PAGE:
In summary, Goji berries have reported properties in treating diabetes however, these are not applicable to the human population as limited human trials have been conducted. This is an element that must be improved if goji berries are to be used as an effective treatment tool in diabetes. As there is currently no set clinical treatment dose, it is important that those with diabetes continue taking their diabetic medication until an effective treatment dose is determined.
This article was co-written with another 3rd year Curtin Uni student Matilda Retz who wrote a great investigative paper on this topic.
Amagase, H., & Farnsworth, N. R. (2011). A review of botanical characteristics, phytochemistry, clinical relevance in efficacy and safety of Lycium barbarum fruit (Goji). Food Research International, 44(7), 1702-1717. doi:http://doi.org/10.1016/j.foodres.2011.03.027
Cai, H., Liu, F., Zuo, P., Huang, G., Song, Z., Wang, T., . . . Sun, G. (2015). Practical Application of Antidiabetic Efficacy of Lycium barbarum Polysaccharide in Patients with Type 2 Diabetes. Medicinal Chemistry (Shariqah (United Arab Emirates), 11(4), 383-390. doi:10.2174/1573406410666141110153858
Cui, B., Liu, S., Lin, X., Wang, J., Li, S., Wang, Q., & Li, S. (2011). Effects of lycium barbarum aqueous and ethanol extracts on high-fat-diet induced oxidative stress in rat liver tissue. Molecules, 16(11), 9116-9128. doi:http://dx.doi.org.dbgw.lis.curtin.edu.au/10.3390/molecules16119116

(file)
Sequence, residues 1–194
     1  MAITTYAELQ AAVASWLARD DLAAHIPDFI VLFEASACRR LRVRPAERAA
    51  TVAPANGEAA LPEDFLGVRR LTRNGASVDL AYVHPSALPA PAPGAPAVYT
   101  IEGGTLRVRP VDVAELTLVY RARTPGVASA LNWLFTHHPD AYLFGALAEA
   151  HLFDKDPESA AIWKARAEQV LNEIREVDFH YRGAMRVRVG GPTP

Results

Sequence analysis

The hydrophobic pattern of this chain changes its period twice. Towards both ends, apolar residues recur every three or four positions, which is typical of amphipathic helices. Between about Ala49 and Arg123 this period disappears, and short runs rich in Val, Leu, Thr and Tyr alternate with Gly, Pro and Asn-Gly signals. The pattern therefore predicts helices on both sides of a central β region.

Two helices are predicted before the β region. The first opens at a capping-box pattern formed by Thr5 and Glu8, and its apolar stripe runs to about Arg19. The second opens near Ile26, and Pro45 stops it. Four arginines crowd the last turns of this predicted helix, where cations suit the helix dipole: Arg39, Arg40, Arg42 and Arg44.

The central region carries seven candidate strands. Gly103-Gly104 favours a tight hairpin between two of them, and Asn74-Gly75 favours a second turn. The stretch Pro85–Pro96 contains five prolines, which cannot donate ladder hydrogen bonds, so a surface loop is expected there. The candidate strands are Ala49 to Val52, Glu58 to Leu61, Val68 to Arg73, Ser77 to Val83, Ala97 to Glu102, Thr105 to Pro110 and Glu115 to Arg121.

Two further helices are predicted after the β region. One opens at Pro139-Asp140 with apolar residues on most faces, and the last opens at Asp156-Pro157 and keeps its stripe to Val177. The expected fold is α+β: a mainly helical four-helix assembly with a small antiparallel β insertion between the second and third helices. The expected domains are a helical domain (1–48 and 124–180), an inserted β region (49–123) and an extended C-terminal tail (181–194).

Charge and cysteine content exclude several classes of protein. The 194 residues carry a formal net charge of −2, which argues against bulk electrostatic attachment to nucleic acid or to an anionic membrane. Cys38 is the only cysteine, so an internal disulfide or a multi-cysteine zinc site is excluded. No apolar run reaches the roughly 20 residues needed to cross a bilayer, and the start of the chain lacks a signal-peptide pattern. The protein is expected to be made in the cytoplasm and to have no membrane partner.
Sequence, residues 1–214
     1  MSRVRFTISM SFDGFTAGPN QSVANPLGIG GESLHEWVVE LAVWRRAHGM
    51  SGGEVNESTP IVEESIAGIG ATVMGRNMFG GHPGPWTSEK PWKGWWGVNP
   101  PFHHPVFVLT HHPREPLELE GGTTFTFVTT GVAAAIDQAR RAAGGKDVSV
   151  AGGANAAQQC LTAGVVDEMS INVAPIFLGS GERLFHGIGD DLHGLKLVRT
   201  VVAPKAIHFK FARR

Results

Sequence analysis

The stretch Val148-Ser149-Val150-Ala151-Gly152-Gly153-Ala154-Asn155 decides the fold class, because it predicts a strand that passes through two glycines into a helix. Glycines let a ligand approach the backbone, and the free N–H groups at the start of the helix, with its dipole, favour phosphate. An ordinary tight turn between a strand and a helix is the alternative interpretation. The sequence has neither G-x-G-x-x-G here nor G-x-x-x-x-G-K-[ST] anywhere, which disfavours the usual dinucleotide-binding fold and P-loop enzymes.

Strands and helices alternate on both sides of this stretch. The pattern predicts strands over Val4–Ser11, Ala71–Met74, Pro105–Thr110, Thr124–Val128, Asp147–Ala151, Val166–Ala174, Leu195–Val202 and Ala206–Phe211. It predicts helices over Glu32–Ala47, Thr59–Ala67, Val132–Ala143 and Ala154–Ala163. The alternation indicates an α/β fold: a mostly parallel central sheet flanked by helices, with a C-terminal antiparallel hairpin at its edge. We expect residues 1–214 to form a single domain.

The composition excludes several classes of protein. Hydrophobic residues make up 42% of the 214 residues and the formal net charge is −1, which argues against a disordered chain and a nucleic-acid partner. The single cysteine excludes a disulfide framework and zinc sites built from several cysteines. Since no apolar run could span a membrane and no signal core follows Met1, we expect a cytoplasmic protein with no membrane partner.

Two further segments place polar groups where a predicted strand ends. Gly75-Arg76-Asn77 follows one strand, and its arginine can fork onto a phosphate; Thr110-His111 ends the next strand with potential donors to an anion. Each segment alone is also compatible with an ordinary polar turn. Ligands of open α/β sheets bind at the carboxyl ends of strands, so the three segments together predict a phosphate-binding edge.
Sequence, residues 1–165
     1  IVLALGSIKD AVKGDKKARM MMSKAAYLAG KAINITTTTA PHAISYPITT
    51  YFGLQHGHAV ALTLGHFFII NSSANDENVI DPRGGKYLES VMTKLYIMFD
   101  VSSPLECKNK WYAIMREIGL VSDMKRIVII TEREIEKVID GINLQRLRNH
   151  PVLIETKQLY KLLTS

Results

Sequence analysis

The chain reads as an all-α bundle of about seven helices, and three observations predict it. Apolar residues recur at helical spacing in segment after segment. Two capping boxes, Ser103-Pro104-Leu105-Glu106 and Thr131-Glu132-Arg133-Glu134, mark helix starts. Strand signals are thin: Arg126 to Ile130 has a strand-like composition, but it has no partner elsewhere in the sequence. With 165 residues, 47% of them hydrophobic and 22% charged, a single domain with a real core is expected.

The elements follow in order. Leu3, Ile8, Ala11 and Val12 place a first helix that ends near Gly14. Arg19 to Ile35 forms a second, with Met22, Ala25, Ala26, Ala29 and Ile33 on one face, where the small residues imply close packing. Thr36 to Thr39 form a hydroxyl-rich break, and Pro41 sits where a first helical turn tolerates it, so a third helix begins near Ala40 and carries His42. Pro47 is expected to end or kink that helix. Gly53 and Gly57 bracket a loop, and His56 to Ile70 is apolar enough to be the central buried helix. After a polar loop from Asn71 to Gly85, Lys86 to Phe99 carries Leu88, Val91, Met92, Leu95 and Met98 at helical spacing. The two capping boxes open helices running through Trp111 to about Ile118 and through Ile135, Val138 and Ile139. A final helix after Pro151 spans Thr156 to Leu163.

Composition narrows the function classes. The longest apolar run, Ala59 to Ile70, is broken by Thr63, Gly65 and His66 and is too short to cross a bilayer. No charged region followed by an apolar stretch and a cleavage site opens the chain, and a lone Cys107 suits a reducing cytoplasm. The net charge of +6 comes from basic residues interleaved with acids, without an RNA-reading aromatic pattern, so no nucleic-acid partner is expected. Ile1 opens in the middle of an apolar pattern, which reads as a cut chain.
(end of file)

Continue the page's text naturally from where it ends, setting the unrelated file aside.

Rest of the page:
Donno, D., Beccaro, G. L., Mellano, M. G., Cerutti, A. K., & Bounous, G. (2015). Goji berry fruit (Lycium spp.): antioxidant compound fingerprint and bioactivity evaluation. Journal of Functional Foods, 18, Part B, 1070-1085. doi:http://doi.org/10.1016/j.jff.2014.05.020
Franks, P., & McCarthy, M. (2016). Exposing the exposures responsible for type 2 diabetes and obesity. Science, 354(6308), 69-73. http://dx.doi.org/10.1126/science.aaf5094
Jin, M., Huang, Q., Zhao, K., & Shang, P. (2013). Biological activities and potential health benefit effects of polysaccharides isolated from Lycium barbarum L. International Journal of Biological Macromolecules, 54, 16-23. doi:https://doi.org/10.1016/j.ijbiomac.2012.11.023
Kulczynski, B., & Gramza-Michalowska, A. (2016). Goji berry (lycium barbarum): Composition and health effects – a review. Polish Journal of Food and Nutrition Sciences, 66(2), 67-76. doi:http://dx.doi.org.dbgw.lis.curtin.edu.au/10.1515/pjfns-2015-0040
Luo, Q., Cai, Y., Yan, J., Sun, M., & Corke, H. (2004). Hypoglycemic and hypolipidemic effects and antioxidant activity of fruit extracts from Lycium barbarum. Life Sciences, 76(2), 137-149. doi:https://doi.org/10.1016/j.lfs.2004.04.056
Richter B., Bandeira-Echtler, E., Bergerhoff, K., Clar, C., & Ebrahim, SH. (2006). Pioglitazone for type 2 diabetes mellitus. Cochrane Database of Systematic Reviews 2006, Issue 4. Art. No.: CD006060. DOI: 10.1002/14651858.CD006060.pub2
The National Health and Medical Research Council. (2009). The NHMRC additional levels of evidence and grades for recommendations of developers of guidelines. (Handbook). Retrieved from https://www.nhmrc.gov.au/_files_nhmrc/file/guidelines/developers/nhmrc_levels_grades_evidence_120423.pdf
Tognon, G., Berg, C., Mehlig, K., Thelle, D., Strandhagen, E., Gustavsson, J., . . . Lissner, L. (2012). Comparison of Apolipoprotein (apoB/apoA-I) and Lipoprotein (Total Cholesterol/HDL) Ratio Determinants. Focus on Obesity, Diet and Alcohol Intake. PLOS ONE, 7(7), e40878. doi:10.1371/journal.pone.0040878